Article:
A 300-year-old hunt for the unsung hero of Salzburg.
     
He made a name for himself organizing the world’s most important economic conference, only to have it tarnished by an outrageous accusation.
     
During WWII, 36 American conscientious objectors volunteered as subjects in a brutal science experiment to measure the body's response to starvation.
     
A remote bay in Alaska is home to an odd and occasionally catastrophic geology. In 1958, a handful of people experienced this firsthand.
     
The 15th-century scholar who upset the Korean aristocracy by creating a native script for the Korean language, and thus wean it off Chinese characters.
     

Advertisment


A 1930s effort to reach the Earth's northernmost point via antiquated submarine.
     
Charles Waterton was a pioneer of conservation. He was also extremely nutty, in ways that suggest he may have over-identified with his animal subjects.
     
The tumultuous true story of the life of a fast food icon.
     
The story of the Beale Ciphers; a set of three encrypted notes from the nineteenth century purportedly describing the location of hidden treasure. Only one has been deciphered.
     
On the ancient Japanese Buddhist practice of self-mummification.
     
-027- Faxes From The Far Side by Damn Interesting
     
When women in a poorly administered Oregon town hacked an election in order to repair the town's problems.
     
A happy-tenth-birthday-to-us retrospective.
     
As night fell over the East German town of Pössneck on the evening of 14 September 1979, most of the town's citizens were busy getting ready for bed. But not Günter Wetzel. The mason was in his attic, hunched over an old motor-driven sewing machine, desperately working to complete his secret project. Wetzel and his friend H. Peter Strelzyk and their families had been working on their plan for more than a year and a half, and by now the authorities were looking for them. They were nearly out of time. Wetzel had feigned illness in order to procure five weeks off from work, and during that time he and his friend had collected the materials and laboured over the construction together. This would be their last chance. Earlier in the day, a strong wind had arisen from the north. These were exactly the conditions that the two families had been waiting for. Around 10:00pm, Wetzel put the finishing touches on the massive patchwork project, then rounded up Strelzyk and prepared to leave. Two hours later the families were en route to a predetermined clearing on a hill by way of automobile and moped. The other components of their project—a steel platform, a homemade gas burner, and a powerful fan—were already packed and ready to go. It was time to attempt the escape.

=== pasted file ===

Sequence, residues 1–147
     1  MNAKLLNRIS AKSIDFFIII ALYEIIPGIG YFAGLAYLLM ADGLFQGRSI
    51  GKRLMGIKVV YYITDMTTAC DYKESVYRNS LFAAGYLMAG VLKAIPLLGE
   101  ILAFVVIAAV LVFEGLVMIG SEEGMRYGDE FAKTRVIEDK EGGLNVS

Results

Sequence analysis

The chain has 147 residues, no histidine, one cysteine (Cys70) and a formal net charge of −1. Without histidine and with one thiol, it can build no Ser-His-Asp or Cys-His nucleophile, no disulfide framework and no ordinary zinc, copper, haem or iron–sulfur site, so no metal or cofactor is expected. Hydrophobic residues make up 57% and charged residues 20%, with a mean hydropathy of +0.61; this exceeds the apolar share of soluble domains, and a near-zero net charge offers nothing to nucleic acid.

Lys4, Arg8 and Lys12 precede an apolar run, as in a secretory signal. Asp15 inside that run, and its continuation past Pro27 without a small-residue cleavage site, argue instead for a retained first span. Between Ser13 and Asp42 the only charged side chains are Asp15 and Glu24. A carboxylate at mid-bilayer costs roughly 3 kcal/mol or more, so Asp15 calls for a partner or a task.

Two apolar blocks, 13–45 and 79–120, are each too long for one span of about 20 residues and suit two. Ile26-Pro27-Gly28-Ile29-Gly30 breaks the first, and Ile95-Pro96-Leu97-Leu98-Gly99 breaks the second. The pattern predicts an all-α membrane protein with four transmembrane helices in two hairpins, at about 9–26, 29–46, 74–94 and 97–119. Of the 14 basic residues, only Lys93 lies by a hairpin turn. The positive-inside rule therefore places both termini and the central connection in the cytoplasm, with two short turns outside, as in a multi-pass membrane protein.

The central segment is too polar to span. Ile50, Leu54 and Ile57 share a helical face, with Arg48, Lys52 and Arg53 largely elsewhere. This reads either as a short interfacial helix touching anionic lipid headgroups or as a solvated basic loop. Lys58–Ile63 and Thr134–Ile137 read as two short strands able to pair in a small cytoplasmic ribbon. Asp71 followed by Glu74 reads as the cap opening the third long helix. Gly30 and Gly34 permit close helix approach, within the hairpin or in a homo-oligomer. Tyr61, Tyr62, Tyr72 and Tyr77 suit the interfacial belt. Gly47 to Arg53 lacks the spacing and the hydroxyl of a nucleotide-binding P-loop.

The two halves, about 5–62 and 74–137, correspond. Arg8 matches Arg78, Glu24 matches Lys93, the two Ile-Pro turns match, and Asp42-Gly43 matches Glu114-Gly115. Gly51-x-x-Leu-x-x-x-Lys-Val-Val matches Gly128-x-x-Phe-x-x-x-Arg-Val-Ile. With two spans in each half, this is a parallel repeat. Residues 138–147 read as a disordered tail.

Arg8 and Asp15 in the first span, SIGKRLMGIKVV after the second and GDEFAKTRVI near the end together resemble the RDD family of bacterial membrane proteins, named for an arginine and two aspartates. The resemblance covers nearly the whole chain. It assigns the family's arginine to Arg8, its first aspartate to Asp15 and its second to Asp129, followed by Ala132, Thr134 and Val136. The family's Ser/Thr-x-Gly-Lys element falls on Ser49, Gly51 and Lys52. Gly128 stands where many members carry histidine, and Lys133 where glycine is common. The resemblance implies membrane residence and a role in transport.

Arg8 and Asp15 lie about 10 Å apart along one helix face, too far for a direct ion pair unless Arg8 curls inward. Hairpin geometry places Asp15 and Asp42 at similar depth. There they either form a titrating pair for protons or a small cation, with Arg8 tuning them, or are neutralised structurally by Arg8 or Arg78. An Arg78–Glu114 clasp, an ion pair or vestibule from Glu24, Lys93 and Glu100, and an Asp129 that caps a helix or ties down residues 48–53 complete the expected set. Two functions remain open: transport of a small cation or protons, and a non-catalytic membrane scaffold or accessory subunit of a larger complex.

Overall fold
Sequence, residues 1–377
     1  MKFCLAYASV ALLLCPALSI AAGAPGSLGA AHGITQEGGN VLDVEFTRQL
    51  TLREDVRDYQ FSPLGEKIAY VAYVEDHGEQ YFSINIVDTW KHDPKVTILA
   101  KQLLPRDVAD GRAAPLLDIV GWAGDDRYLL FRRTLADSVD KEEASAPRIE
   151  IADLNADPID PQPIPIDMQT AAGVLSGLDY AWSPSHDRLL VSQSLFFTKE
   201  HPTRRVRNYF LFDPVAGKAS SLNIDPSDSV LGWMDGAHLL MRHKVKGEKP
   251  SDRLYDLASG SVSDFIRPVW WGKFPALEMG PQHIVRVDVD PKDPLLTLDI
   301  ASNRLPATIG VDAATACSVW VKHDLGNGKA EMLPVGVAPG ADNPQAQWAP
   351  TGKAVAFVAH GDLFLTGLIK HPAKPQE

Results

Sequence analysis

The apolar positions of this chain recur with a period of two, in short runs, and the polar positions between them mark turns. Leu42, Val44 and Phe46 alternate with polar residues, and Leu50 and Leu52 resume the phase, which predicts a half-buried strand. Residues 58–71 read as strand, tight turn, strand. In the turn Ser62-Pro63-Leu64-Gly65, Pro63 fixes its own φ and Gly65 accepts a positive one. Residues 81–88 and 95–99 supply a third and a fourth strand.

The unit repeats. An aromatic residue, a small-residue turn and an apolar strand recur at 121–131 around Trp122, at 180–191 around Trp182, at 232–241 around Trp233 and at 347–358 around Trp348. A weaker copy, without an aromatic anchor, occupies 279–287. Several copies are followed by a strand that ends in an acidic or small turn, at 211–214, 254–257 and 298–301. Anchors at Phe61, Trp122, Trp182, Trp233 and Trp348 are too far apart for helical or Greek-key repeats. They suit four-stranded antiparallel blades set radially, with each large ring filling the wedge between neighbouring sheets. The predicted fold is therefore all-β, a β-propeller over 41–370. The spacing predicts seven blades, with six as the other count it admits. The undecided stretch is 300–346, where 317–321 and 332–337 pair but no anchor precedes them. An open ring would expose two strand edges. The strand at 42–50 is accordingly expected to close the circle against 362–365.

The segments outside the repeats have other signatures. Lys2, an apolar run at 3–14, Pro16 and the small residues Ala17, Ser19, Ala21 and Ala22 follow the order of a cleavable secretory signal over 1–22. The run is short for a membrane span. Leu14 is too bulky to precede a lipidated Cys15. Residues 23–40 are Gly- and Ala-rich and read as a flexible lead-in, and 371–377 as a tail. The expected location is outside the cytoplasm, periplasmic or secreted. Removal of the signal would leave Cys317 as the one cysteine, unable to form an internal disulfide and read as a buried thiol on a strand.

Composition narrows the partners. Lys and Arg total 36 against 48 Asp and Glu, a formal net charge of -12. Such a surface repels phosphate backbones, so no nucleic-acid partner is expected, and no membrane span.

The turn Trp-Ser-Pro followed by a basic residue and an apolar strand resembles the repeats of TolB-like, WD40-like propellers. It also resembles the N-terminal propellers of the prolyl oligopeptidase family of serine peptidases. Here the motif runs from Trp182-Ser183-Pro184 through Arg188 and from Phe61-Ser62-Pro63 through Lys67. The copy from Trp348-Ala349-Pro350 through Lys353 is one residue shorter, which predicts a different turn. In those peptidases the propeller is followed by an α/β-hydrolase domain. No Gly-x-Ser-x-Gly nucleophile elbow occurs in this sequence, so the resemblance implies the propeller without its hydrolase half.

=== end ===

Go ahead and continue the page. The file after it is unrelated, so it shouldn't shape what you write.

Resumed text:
"I don’t think it belongs here." Such was the assessment of Bob Vinson, the graveyard shift supervisor at Harvey's Wagon Wheel Casino in Lake Tahoe, Nevada. The "here" Vinson referred to was a nook just outside the telephone equipment room in the employees-only portion of the second floor of the hotel. The "it" was a curious piece of equipment of unknown origin loitering conspicuously in the cramped side room. It was a metallic gray box about the size of a desk, with a smaller box attached on top near the rear right corner. The front face of the smaller box was an incomprehensible control panel occupied by 28 metal toggle switches in five neat rows, each labeled with a numbered sticker. All of these switches were situated in the down position except for #23, which was toggled up—an oddly ominous asymmetry. It was approximately 6:30am on Tuesday, 26 August 1980, and although Bob Vinson had been on shift all night long, he hadn't heard any large equipment delivery commotion from his nearby office, and he was sure this thing hadn't been there an hour earlier. Whoever had left the machine had taken the time to place each corner on blocks of wood, and these blocks pressed deep dimples into the red-orange carpet, suggesting that the equipment had significant mass. In spite of its resemblance to some kind of manufactured electromechanical office machine, it had no power cord, and no obvious power switch, just the 28 enigmatic toggles. To add alarm to intrigue, Vinson had found that some of the keyholes for the doors leading into the area had been hastily jammed using what appeared to be toothpicks and glue. An envelope with "Harvey's Management" typewritten on one side lay on the carpet alongside the object. Vinson was reasonably suspicious that the envelope did not contain anything as harmless as an invoice. "Stay here," Vinson instructed the custodian who had been examining the mystery object with him. "Don’t touch it. Don’t let anyone fool with it. I’ll be right back." Vinson soon returned with companions, having summoned members of Harvey's Wagon Wheel Casino security, who had subsequently summoned sheriff 's deputies and the fire department. After prodding the envelope with a broomstick to ensure it wasn't booby-trapped, those to whom it was concerned gingerly extracted three pages of typed text from the envelope. The letter claimed that this device was a bomb.
     

1 - 15 of 38